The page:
There are three main things that should be noted from this deal for properly moving forward with future trades in cap leagues.


First off, dealing with the salary cap. Having salary cap room is excellent, and is one of the biggest assets in any salary cap league. If you don’t have the flexibility to take advantage of situations when they arise, then there is a lot that you will be missing out on. However, the cap space is only an asset if it actually gets used. Cap leagues don’t pay out actual money, so whatever cap space isn’t filled just goes to waste. Knowing when to take advantage of the cap space to make your team better is key.


Secondly, in most leagues, but in cap leagues especially, general managers can be looking for very different things. Evaluating the teams of your fellow league-mates in an objective manner can lead to seeing holes to be targeted in a trade. For example, long term contract flexibility and a need for a minors-eligible skater may not be immediately evident. Even if it is only after trade talks have started, take the five minutes to really comb through your opponent’s roster, it will pay off in the end.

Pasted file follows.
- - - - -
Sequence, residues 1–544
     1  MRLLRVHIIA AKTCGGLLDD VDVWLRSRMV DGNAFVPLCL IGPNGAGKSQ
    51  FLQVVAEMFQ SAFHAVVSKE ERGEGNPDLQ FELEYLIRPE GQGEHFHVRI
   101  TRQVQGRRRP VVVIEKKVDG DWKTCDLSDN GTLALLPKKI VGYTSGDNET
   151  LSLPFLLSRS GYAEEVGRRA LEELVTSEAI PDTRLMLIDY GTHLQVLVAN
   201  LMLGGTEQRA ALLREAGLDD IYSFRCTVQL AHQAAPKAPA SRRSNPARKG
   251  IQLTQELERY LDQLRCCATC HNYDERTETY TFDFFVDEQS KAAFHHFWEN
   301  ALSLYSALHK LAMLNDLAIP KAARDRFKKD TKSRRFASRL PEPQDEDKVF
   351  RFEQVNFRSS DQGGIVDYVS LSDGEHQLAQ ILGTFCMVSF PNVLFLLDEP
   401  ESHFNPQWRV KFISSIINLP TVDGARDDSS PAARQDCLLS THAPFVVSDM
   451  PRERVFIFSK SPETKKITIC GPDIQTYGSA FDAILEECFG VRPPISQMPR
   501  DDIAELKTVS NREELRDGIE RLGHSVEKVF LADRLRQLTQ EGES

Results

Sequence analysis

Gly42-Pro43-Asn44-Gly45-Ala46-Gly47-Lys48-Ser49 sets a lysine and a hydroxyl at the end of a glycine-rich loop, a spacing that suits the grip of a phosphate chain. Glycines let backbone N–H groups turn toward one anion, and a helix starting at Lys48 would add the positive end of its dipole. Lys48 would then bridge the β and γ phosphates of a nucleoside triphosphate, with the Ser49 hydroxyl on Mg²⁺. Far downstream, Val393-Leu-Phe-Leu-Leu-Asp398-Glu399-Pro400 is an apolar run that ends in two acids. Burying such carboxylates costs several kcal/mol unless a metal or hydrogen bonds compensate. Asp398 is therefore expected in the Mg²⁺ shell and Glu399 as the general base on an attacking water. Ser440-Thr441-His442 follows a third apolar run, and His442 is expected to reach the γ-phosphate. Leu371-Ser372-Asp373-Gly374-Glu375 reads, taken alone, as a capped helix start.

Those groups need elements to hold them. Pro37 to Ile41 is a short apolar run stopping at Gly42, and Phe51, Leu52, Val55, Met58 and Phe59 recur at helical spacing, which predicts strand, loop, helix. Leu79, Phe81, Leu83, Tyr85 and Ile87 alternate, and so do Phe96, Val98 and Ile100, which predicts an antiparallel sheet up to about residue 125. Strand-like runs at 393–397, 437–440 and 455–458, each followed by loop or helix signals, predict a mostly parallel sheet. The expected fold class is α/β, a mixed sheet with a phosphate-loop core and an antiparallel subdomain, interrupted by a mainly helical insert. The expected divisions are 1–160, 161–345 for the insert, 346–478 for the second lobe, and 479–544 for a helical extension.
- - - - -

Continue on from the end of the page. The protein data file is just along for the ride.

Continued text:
Lastly, trades are a give and take. Receiving an upgrade in two areas, meant giving something up in others. In the end, I took on a little over one million in salary, term on some bigger contracts, the anchor roster player in Paajarvi, and an extra draft pick. The biggest reason why I like the deal from my side though, is that I used my flexibility in certain areas to improve my team. The flexibility can be gained much easier, little by little in other trades, but big-name talent like Johansen and Crawford can be tougher to acquire on their own. Don’t miss out on a good deal just because you don’t want to give up anything.





I actually ended up trading away Johansen and Paajarvi on Wednesday in another big blockbuster, but that may be a trade for another day. Let me know in the comments if you are interested enough in another trade write up on that one for next week.




Thanks for reading! Feel free to comment with your thoughts on the trade below. As always, you can find me on twitter @alexdmaclean where I post some of my other smaller musings that don’t make it into the articles.